JOHANNESBURG (miningweekly.com) – The world’s top 40 mining companies continued to consolidate their performance of the past several years by delivering steady growth in 2018, PwC’s ‘Mine 2019’ report, published on Tuesday, states.
Combined, these companies’ revenue had increased by 8% year-on-year, which PwC says was buoyed by higher commodity prices and marginally improved production. The companies also boosted cash flows, paid down debt and provided a record dividend of $43-billion to shareholders during the year.
The steady performance is forecast to continue this year, with revenue remaining stable.
However, weaker coal and copper prices are expected, which will marginally offset higher production and higher average prices for iron-ore.
Further, despite this decent performance in 2018, PwC laments that investors “seem unimpressed” by the top 40 companies’ results, judging by market valuations, which fell by 18% year-on-year.
While total market capitalisation increased in the first quarter of this year, it remains 8% lower than at the end of 2017.
“In spite of the strong operating performance of the world’s top miners, there is still more room for improvement for mining to continue to create and realise value in a sustainable manner,” says PwC Africa energy utilities and resources leader Michal Kotzé.
He adds that both investors and other stakeholders have concerns about the mining industry’s ability to respond to the risk and uncertainties of the changing world.
According to Kotzé, globally, stakeholders are concerned that the industry is lagging when it comes to a number of factors that have not been a traditional focus of the mining industry, such as emissions, investing in differentiating technology, proactive engagement with consumers, brand building and digitisation.
Nevertheless, the mining industry is said to have a window of opportunity to adapt to the growing and changing expectations of stakeholders through using technology to operate safely and more efficiently while addressing global concerns and maintaining a disciplined strategy to create ongoing value for stakeholders.
Meanwhile, in 2018, the top 40 mining companies paid down $15.5-billion in net borrowings, resulting in the gearing position dropping below the ten-year average. All liquidity and solvency ratios improved during the year, leaving the world’s largest miners with strong balance sheets and cash flows.
In line with expectations, capital expenditures (capex) started to rise again, albeit from historically low levels, PwC says. The 13% increase over the previous year to $57-billion suggests that miners are continuing to proceed cautiously; with about half of the capex in 2018 allocated for ongoing projects.
Copper and gold dominated spending in 2018, attracting $30-billion of investment.
Further, an 11% lift in operating cash flows has allowed these 40 mining companies to increase shareholder distributions in 2018 to a record $43-billion. Dividend yield for the year was 5.5%, with a notable jump in share buybacks to $15-billion, up from $4-billion in 2017.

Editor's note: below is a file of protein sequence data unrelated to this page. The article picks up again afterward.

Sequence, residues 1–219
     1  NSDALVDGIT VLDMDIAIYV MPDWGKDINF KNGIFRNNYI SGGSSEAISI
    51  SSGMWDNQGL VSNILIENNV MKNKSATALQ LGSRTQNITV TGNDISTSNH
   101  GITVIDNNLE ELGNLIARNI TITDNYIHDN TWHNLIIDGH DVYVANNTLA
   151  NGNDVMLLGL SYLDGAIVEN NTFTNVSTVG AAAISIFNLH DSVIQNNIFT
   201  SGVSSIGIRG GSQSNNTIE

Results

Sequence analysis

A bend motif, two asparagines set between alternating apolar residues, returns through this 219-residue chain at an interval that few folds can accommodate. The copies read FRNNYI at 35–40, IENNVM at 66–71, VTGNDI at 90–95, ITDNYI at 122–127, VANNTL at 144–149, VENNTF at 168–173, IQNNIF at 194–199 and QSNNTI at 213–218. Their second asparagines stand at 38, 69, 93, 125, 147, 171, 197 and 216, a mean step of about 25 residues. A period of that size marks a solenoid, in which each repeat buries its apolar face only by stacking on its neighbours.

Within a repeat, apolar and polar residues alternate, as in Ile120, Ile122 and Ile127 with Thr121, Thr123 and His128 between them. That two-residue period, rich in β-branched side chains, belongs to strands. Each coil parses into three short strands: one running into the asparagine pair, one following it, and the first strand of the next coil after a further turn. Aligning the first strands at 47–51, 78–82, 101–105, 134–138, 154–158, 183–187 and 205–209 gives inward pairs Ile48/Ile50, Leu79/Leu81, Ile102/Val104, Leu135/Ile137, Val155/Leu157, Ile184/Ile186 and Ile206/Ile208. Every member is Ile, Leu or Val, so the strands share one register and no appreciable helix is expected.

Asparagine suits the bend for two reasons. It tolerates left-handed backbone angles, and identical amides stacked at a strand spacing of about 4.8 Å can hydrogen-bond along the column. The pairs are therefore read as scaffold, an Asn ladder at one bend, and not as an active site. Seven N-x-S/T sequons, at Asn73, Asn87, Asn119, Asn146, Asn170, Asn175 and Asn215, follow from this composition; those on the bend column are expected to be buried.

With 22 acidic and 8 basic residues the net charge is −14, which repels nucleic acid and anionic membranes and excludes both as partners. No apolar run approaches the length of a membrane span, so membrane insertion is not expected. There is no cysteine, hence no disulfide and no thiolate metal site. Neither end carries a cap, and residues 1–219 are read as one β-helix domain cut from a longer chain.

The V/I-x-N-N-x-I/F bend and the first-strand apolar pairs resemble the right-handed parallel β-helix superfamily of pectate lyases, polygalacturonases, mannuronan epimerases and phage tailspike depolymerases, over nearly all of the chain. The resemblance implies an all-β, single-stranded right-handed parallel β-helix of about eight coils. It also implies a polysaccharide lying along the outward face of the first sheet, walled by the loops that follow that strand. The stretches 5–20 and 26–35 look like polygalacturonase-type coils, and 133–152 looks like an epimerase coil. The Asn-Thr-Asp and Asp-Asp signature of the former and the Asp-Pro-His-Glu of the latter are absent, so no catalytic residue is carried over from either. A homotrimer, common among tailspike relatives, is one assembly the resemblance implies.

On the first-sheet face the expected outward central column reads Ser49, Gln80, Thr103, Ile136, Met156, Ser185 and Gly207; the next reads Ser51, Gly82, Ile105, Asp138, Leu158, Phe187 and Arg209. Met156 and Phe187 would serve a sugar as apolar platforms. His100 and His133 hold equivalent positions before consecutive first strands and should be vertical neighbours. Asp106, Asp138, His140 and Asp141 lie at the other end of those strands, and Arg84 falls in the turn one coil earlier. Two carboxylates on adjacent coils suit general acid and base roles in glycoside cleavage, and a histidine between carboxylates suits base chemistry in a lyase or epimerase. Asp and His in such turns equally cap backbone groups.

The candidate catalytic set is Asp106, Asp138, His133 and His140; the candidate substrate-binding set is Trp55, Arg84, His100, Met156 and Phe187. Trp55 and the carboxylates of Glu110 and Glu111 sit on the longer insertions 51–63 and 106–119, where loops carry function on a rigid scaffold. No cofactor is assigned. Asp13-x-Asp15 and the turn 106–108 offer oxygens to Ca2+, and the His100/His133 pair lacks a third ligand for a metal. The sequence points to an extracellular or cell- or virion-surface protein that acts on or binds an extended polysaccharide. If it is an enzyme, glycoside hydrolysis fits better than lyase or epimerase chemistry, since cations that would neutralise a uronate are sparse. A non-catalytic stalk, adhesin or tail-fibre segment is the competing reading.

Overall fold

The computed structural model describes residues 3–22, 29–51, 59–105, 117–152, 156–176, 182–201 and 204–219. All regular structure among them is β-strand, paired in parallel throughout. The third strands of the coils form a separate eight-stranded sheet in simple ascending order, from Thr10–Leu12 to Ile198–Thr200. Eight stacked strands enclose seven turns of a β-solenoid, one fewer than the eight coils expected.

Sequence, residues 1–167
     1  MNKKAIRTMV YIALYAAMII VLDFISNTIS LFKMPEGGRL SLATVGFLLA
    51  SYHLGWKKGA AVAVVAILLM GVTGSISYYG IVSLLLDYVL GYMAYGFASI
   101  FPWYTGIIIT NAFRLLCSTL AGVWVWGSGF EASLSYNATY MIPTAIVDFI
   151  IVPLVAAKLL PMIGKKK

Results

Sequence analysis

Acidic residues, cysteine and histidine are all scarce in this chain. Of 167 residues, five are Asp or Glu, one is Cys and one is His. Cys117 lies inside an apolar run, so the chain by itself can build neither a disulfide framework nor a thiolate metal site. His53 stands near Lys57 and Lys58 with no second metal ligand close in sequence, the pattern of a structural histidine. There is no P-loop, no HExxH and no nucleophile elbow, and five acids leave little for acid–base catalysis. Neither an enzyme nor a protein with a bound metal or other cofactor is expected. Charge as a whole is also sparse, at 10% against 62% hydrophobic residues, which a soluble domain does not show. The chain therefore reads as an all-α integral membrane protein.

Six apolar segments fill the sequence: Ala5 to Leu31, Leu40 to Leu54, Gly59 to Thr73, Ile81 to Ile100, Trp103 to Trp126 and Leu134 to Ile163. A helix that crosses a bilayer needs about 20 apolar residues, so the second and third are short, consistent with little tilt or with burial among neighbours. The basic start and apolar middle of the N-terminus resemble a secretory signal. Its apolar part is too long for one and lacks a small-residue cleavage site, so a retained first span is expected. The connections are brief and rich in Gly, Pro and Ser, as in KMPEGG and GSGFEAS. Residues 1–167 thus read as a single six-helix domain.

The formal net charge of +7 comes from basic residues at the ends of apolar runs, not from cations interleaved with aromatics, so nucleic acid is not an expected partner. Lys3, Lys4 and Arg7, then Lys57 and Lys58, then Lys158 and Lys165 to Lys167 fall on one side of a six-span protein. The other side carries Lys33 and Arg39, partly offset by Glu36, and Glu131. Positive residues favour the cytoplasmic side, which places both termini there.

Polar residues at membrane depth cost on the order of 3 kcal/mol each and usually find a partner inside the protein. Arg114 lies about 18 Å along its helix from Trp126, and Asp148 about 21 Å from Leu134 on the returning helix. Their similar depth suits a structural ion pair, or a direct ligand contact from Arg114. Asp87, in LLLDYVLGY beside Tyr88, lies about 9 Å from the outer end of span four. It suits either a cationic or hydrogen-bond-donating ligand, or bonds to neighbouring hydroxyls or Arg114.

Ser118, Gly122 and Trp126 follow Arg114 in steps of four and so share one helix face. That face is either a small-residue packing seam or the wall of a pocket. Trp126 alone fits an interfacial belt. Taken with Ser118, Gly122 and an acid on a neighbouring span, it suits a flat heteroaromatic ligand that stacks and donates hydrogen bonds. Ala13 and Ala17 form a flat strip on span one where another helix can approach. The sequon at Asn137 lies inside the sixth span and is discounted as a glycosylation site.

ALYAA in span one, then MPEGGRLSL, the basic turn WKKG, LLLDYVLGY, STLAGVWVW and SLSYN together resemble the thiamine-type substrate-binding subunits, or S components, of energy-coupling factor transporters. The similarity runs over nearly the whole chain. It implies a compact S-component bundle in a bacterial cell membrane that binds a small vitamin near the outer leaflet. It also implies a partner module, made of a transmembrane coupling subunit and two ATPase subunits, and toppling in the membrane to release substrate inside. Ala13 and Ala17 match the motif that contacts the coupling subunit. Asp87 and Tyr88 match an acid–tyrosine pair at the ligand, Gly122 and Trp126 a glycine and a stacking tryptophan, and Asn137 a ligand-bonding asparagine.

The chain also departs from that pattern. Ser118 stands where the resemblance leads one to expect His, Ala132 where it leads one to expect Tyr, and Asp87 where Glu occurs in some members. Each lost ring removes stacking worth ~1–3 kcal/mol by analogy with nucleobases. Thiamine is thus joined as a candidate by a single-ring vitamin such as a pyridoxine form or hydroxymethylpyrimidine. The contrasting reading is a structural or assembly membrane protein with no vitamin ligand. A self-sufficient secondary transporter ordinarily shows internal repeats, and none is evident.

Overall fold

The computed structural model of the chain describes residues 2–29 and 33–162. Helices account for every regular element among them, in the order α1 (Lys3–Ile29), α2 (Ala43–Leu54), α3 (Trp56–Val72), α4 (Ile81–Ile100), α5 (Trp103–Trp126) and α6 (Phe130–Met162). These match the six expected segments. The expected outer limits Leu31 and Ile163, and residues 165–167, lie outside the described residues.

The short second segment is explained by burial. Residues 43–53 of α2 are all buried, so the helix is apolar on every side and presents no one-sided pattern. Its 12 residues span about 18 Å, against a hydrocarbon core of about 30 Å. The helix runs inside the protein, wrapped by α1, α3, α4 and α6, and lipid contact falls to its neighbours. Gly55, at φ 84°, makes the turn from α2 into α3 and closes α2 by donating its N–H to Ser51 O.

In 2018, the share of value distributed to governments in the form of direct taxes and royalties increased from 19% to 21%. Employees received 22% of the total value distribution from the top 40 mining companies.
According to PwC assurance partner Andries Rossouw, mining, along with oil and gas, distributes a greater share of its value to governments than almost any other sector.
He adds that a number of countries have also implemented carbon taxes and/or emissions trading schemes, with 13 of 25 countries in which the top 40 companies operate, having implemented these taxes and schemes and a further nine countries considering the implementation of such taxes.
In terms of mergers and acquisitions, PwC director Sizwe Mtetwa says that, after years of sluggish activity, these picked up significantly in 2018 with the value of the announced transactions having risen by 137% to $30-billion, driven by “a flurry of activity” in the gold sector, the ongoing push by miners to optimise portfolios and momentum to acquire energy metal projects.
“This renewed appetite for large transactions looks as though it will continue throughout 2019, with the deal value announced to April 30, 2019, already surpassing the value of all the announced deals in 2017,” he comments.
Further, the gold sector is experiencing a renewed round of consolidation, driven by a shrinking pipeline of projects, fewer new high-grade discoveries and a lack of funding for junior developments.
Gold deals increased from 8% of total top 40 deal value in 2017 to 25% in 2018, and this year are tracking at close to 95% of deals as at the end of April.
“Gold mining companies need to be rigorous and disciplined with prospective deals. With substantially all the value generated by mergers and acquisitions between 2005 and 2012 now lost, investors are still reeling from past transactions where [buyers] overpaid for assets,” Kotzé comments.